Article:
The 4 steps to finding film work online

 
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I have created a video presentation that you can watch letting you know all of the steps in detail. If you are new to finding work in film and want to soak up a ton of new information to help with your future career then check out this video below. 

Watch the video in full screen here  You can read the basic transcript  below -

Step 1 – Bookmark 5 websites

If you  can download a list of updated film jobs sites here. You will want to find 5+ websites that advertise work in your location. I say 5 plus because if you can find 10 then find 10 but I would suggest a minimum of 5 sites.

As well as jobs sites you can also find work on local film council websites. This may be a film website dedicated to your region or state. These local film councils sometimes have a database of crew that you can add your contact details into and also advertise jobs.

Social media is a new way to find work in film. It is nothing fancy you use the search bar of your social media to search for jobs being advertised. Facebook also has groups, and one of these groups might advertise work in your area or there maybe a group chat for filmmakers in your area on twitter. 

Step 2 – Your filmmaker CV

After you have found 5 job sites you will need to create a CV. If you think filmmakers don’t need a CV you are wrong, when you don’t know enough people in film to be called up with job offers its likely you are going to be applying to films online and when you apply to a film job online you will always be asked for a CV. So it is misconception that filmmakers don't need a CV, if you are applying to work online you will need one.

A filmmaker CV is different to an ordinary CV, perhaps in school you where taught to create a 2 -3 page CV or resume full of info on what jobs you done. A filmmaker CV is short, simple and to straight to the point.

It’s important for a filmmaker CV – when someone glances at it they need to understand what job you are applying for. Even if they just glance at it for 5 seconds it should be obvious what job you do and are applying for.

So right at the top of your CV write you name and job title. A producer should be able to look at your CV for just a few seconds and know what job you are applying for. Producers are busy, you want to make it easy for people to hire you.

You CV credits are also nicely listed down your CV - mention the production title, the date and your job role. You can also mention the genre, the director, producer, production company. You could also mention the head of your department. So if you are a camera assistant you could mention the DOP you worked for on each production. You can download a filmmaker CV template here.

Step 3 – Cover Letters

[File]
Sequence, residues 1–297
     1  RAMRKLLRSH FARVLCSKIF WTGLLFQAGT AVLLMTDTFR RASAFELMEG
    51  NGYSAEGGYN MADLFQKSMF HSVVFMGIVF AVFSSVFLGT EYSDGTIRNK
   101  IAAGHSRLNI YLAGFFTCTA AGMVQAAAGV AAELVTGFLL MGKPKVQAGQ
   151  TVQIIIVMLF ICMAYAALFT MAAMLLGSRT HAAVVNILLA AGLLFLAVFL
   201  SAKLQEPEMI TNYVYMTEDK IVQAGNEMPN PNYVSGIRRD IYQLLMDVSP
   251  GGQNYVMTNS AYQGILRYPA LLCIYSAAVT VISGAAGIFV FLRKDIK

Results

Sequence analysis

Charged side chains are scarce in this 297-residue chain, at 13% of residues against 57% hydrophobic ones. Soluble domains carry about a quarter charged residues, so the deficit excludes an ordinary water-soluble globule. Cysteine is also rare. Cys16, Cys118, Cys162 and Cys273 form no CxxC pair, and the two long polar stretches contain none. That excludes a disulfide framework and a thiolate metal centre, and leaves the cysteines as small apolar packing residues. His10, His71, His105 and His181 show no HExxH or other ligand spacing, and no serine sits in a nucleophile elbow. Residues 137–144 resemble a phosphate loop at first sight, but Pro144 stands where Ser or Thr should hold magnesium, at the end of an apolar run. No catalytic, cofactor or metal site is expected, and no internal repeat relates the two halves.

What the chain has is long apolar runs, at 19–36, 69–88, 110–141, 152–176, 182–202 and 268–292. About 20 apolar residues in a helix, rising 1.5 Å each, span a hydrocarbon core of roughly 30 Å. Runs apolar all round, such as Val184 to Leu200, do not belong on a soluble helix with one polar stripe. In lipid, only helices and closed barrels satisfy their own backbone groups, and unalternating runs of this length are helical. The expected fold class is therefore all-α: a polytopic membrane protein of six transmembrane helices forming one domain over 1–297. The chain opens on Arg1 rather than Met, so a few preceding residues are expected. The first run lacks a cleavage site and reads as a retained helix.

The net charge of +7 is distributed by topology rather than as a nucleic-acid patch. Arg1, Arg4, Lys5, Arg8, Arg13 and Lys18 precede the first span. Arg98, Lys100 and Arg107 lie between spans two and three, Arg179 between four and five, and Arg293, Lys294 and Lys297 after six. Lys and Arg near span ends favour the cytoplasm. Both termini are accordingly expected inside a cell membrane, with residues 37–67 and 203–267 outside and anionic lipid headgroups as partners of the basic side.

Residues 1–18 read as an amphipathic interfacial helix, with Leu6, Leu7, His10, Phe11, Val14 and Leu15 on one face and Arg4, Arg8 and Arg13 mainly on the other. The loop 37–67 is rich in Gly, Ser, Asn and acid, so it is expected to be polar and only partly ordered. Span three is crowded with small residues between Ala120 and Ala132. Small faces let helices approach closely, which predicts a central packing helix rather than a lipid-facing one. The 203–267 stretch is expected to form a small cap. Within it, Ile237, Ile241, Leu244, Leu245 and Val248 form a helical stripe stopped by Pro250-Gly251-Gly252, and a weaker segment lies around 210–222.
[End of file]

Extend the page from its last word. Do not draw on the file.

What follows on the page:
Your filmmaker cover letters, should be just like your CVs – short and simple. Overly formal and long cover letters are not needed for a film job. The role of a cover letter is to get someone to look at your CV. It will be your CV, your experience or showreel links that will get you the job, not the cover letter.

A long cover letter will not be read. For a cover letter formula start with an introduction, give reasons for the person to hire you and end will a call to action. A call to action lets the reader know what to do next, examples of a call to action are, check out my CV, take a look at my show reel, or asking a question would you like to have an interview this week? 

For Full time jobs your cover letter can be a little longer but still no longer than 3 paragraphs. Keep your cover letter friendly as opposed to formal even on full time job applications. Mention more fully your experience, often these full time jobs have job requirements which can act as a guide for your writing your cover letter – go through the requirements mentioned in the job description.

The cover letter was not what got me the job – it was the CV, the experience I had that did.

Even if you have little experience, keep your cover letter short and your CVs simple. This allows you to apply to more jobs and keep a consistent job hunt going.

Step 4 – Emailing

When you send your cover letter and CV off to a job save your CV in PDF format if I didn’t say it before save this file as your name and job title.

Applying to jobs in bulk – you need to be applying to jobs in bulk because the film industry is very competitive. I would say if you are applying to jobs correctly expect to get 1 out of every 10 jobs you are applying for.

Try to apply for 10 jobs per week. Film industry production jobs are usually freelance and temporary add that with the competitiveness jobs can sometimes only last online for as little as two days at a time. And jobs may only be a few days long. So you need to keep applying to jobs consistently in film.,

A specific job, a well designed CV and simple cover letter is how you get jobs in film.

Here is a Breakdown of what we have learnt

  • First Find a focused job role or department to work within
  • Then Choose a location you wish to work within
  • Create you filmmaker CV
  • Create your filmmaker cover letter
  • And Apply to jobs in bulk (10+ a week)
  • Make sure to apply to jobs on regular basis